Bamboo Fly Fishing Rods built in Baltimore, Maryland III, Hon

Not much progress to report on the rod this week because I just got back from a week in the wilds of western North Carolina. I fished a little bit while I was down there but many of the streams I saw were low and warm and the ones that weren’t low turned in to a river of clay-colored slurry as soon as anyone even mentioned rain. I realized how spoiled I am with the Gunpowder River just a 30 minute drive from my house in Baltimore City. Even after a heavy rain the upper river is never more than slightly off-color and the cold water has held out year after year. What a incredible resource this river is! Well, enough about all that.

Tapers, Tapers, Tapers...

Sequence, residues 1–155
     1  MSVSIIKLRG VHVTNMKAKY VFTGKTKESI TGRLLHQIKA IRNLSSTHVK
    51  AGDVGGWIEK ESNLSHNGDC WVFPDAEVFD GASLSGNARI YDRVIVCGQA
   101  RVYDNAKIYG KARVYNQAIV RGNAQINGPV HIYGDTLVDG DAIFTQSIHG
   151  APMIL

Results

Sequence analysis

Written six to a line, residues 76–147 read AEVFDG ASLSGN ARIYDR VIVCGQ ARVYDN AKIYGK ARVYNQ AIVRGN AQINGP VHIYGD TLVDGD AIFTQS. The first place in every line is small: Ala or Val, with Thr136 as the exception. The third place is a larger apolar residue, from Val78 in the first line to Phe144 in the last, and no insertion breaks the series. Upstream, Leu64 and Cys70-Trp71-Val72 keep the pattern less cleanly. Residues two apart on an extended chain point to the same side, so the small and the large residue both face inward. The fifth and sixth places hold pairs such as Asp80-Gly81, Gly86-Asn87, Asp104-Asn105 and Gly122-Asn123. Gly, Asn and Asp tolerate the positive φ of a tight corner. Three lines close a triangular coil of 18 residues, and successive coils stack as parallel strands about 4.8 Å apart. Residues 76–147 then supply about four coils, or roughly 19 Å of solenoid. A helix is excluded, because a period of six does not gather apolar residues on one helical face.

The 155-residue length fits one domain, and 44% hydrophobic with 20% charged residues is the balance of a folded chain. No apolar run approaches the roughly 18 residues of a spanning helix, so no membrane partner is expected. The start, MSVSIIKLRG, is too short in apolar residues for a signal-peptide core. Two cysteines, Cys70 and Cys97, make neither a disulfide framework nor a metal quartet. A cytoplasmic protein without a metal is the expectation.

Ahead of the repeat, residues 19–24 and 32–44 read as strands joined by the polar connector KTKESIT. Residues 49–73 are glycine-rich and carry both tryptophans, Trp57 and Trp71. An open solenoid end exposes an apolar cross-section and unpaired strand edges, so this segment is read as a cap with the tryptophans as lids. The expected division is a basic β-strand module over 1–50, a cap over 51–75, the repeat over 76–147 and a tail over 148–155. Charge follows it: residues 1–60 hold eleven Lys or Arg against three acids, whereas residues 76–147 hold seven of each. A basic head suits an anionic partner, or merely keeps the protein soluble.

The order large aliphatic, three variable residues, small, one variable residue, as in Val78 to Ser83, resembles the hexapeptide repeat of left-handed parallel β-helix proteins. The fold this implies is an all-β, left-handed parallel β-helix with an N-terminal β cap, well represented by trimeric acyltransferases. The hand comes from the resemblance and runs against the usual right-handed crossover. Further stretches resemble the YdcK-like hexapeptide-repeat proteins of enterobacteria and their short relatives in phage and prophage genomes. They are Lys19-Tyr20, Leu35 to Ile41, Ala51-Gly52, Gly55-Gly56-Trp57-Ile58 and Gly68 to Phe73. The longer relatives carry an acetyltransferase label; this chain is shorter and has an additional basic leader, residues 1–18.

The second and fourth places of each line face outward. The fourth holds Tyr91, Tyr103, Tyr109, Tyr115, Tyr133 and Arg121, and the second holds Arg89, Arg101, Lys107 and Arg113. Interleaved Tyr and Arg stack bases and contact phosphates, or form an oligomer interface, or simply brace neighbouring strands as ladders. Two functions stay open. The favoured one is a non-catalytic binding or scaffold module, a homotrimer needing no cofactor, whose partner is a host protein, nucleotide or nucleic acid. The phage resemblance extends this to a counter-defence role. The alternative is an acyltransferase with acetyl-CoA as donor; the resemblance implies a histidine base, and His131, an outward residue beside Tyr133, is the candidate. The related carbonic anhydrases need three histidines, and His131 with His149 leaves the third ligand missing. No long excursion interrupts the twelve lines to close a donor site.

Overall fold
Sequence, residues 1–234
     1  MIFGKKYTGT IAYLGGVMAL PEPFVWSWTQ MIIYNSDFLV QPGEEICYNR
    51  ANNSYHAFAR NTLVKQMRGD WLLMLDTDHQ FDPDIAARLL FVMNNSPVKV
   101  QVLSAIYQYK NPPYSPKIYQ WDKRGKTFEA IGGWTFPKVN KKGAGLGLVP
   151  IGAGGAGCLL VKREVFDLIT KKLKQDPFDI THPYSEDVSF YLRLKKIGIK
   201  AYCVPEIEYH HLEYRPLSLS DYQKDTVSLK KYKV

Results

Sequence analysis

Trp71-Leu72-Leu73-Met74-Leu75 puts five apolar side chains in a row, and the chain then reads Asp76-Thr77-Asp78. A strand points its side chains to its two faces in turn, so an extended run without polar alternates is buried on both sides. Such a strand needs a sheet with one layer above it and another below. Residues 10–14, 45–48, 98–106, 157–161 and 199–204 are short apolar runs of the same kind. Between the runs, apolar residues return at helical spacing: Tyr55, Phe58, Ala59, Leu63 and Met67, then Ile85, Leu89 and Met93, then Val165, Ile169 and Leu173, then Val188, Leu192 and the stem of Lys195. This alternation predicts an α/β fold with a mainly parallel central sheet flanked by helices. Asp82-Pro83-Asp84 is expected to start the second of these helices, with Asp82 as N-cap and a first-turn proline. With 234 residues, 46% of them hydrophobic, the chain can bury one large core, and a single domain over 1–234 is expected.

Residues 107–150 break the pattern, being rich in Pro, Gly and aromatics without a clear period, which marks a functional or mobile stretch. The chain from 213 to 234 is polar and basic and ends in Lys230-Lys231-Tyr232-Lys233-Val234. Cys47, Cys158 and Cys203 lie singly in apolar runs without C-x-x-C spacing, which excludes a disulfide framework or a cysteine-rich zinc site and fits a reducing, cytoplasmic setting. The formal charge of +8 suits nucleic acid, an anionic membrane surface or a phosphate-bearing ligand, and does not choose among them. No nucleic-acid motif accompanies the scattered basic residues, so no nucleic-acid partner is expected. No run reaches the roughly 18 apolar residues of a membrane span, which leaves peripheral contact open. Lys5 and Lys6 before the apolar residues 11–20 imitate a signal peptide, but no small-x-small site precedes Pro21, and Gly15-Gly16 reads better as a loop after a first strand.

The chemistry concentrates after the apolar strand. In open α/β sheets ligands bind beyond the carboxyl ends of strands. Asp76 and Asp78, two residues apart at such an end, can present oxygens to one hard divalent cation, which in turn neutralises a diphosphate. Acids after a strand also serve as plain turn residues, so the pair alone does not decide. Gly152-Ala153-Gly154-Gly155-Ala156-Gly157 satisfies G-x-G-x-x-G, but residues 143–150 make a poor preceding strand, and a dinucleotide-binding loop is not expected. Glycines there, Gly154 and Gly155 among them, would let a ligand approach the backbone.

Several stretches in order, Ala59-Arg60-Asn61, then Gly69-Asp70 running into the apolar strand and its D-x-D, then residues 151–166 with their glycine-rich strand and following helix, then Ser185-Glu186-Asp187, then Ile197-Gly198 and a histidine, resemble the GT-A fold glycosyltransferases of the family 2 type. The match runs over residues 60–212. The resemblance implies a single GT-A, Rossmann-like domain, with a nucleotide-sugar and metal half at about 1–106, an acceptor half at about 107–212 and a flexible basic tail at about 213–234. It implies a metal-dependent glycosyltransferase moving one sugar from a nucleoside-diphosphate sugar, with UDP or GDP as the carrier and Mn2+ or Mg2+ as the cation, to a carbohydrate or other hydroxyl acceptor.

I mentioned in my last post that I’d talk about some of the tools bamboo rod makers use. So far the pictures have shown my Milwaukee heat gun and wood worker’s vise. Pretty boring stuff. This week we’ll check out my router powered beveler. This is a serious tool! It’s a home made version of a beveler designed by another rod maker named named Al Medved. As you can tell from the pictures the router mounts horizontally and the bamboo is fed through an adjustable wooden bed that sits below the blade. The bed holds the bamboo at the right angle as it goes through the beveler.
Bevelers save timeThe beveler helps save time and a lot of hand planing by cutting the initial 60 degree angle in each strip. How much time? About 5 hours worth of planing and about 30 minutes of blade sharpening. Aside from my home-made lathe this is the only power tool I use in the construction of my flyrods. Everything else is done by hand. All of the primary and final planing of each strip is done one strip at a time with my trusty Stanley #9 1/2 black plane which is about 50 years old. In my next post we’ll check out the most important tool for making bamboo planing form.
Still straightening,